Words: Progress

Dirt road on a green path

Today’s word is progress.

 

I thought about a few other words. When my computer turned into a brick yesterday during an upgrade, I had a lot of words to use, and none of them were what I’d consider appropriate for this venue. When I sat there on Election Night and watched results coming in, though, the word that kept coming to mind was progress, and it’s still there.

 

Progress was in my head mostly as a comfort word, but you know – details, right?

 

I don’t know about other folks, but overwhelm can be a big issue for people in the writing profession. You have big projects, with deadlines, and it can seem like a huge undertaking to finish a book. For me, I’ve usually got two or three projects going at the same time. My day job is ghostwriting, and I have a few different clients. So that’s a pile of huge projects, sitting around needing to be finished. There’s marketing for my own work too, which is… er, not my strong suit. It can feel like you will NEVER make it to the end, the final prize, the finished product.

 

The trick is to break it up into manageable tasks. You figure out your deadline, you divide the number of days until your deadline into your word count, and that’s your daily word count goal. You set up a spreadsheet to deduct those from the final word count, and bam!  Now you have visible, measurable progress against that goal. You’re getting somewhere. The end is attainable.

 

What does any of this have to do with LGBTQ+ romance?

 

I’m a woman of a certain age. When I was a kid, just figuring out hormones and attraction and whatnot, I was living in a deeply conservative area where everyone I knew was Catholic. People who had attraction to their own gender were considered deviant, in need of treatment at best. Behavior was rigidly policed to ensure no one would think a person liked someone with the “wrong parts.”

 

And the problem felt insurmountable. For a lot of people, it was insurmountable. This was the eighties. I’m sure you can do the math. People believed HIV was a punishment specific to gay people (always men, not because lesbians were more acceptable but because women don’t matter) and were convinced the virus could be transmitted through casual contact. My own uncle was convinced of this. (The casual contact part, not the punishment part. He was as religious as the cat.)

 

But when his gay housemate was dying from the disease, and had no one, my uncle stayed by his side, and hugged him, held his hand, and gave this housemate the care his own family would not. This is progress. There is still work to be done. That word count at the bottom of the spreadsheet is still huge. It’s smaller than it was.

 

I sat there on Election Night, watching the returns on MSNBC and chewing on my nails. I want to say I had high hopes, but maybe hope is too positive a word. I had lofty dreams, but I wasn’t feeling very confident about the outcome. Between gerrymandering, interference, intimidation and the naked bigotry we’ve seen over the past three years, I didn’t have a lot of confidence going in, and initially I felt my lack of faith was justified.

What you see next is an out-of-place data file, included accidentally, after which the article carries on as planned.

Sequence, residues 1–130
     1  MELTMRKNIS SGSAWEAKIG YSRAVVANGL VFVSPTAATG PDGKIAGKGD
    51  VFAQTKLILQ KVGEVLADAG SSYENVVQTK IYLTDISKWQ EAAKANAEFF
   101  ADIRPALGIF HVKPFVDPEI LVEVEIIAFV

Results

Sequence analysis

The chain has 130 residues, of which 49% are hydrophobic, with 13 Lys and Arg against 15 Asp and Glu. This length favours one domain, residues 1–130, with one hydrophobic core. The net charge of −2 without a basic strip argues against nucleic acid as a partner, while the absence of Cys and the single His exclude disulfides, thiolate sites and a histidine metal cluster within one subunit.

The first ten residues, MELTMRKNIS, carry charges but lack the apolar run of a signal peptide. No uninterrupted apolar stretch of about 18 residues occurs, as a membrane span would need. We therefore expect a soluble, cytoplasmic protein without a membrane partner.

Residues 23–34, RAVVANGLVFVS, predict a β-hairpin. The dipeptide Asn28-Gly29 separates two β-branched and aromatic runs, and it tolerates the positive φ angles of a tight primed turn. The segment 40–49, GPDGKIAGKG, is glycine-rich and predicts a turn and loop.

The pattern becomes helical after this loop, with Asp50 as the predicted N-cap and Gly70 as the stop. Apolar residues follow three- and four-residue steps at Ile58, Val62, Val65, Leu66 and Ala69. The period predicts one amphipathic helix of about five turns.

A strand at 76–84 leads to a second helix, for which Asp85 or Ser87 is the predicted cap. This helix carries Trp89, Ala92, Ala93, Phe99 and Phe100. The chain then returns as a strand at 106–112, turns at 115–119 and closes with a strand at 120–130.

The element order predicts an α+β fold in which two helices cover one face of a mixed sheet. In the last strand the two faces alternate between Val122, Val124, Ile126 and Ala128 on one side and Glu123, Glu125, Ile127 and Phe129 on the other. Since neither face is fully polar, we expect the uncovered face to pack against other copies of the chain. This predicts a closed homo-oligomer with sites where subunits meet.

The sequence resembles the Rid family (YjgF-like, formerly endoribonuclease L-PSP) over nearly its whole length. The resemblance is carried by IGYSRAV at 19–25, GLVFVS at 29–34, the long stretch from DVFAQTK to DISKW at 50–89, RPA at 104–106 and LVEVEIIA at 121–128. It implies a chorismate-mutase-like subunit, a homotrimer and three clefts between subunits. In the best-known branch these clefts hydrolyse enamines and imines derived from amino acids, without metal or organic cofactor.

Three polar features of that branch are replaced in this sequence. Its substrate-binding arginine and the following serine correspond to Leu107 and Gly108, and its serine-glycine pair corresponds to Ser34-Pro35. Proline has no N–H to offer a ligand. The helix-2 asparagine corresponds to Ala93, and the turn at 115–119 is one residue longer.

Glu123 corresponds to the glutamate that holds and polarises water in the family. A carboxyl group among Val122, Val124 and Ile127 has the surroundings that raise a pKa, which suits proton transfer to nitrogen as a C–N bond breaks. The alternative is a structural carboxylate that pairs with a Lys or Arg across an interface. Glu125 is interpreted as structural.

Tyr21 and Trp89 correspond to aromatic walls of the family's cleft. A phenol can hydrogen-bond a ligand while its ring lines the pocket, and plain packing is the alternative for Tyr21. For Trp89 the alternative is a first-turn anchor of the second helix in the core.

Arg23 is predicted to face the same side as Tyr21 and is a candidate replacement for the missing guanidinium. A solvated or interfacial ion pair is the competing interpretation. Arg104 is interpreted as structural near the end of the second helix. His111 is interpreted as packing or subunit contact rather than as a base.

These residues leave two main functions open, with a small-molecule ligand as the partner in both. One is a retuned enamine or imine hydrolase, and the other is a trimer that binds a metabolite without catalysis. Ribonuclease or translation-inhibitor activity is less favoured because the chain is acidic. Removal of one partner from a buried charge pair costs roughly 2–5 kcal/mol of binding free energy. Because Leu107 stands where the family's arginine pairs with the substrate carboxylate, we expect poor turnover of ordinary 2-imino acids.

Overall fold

Republicans kept control of the governor’s office here in Massachusetts. They gained seats in the Senate, meaning that no matter what the House does nothing will come of it. Beto O’Rourke lost to Ted Cruz, who wants me eliminated on a number of levels so yeah, I’m feeling a certain way about that.

 

But do you know what else happened?

 

Remember what I said before, about coming from a time and place when people needed to hide who they were?

 

Colorado – the same state with the homophobic baker – has an openly gay governor. Sharice Davids, referred to as a “radical socialist kickboxing lesbian Indian” by her opponent, won in super-conservative Kansas. So far, over 153 self-identified LGBT+ candidates have won their races, and some results tracked by the Victory Fund haven’t been called yet. The number could still rise. Still more of us ran for office, bringing their “whole selves” to the table.

 

The days when a person had to be perceived as heterosexual in order to serve their country and community in public office are waning. Homophobia still exists in politics. I suspect it always will. The point is, homophobia is no longer the absolute barrier to public service it once was. The current ‘administration” can refuse to issue visas to same-sex spouses of diplomatic personnel, but the reality is they are not speaking for the bulk of this country.

 

Again, this is progress. The bottom-line count is still there, and it is still high. It’s lower than it was when, as a closeted bisexual teenager, I realized I couldn’t go into politics.

 

So yes, there is still a lot of work to do. I don’t think the work will be completed in my lifetime. I don’t think a nation, or a world, in which everyone simply accepts everyone else for who they are and just moves on with their day is likely to happen. It’s something to work toward, though. Every step we take brings us closer.

 

Even the frustrations, the steps that take us two steps back, wear a path that makes the going a little easier for future fighters.

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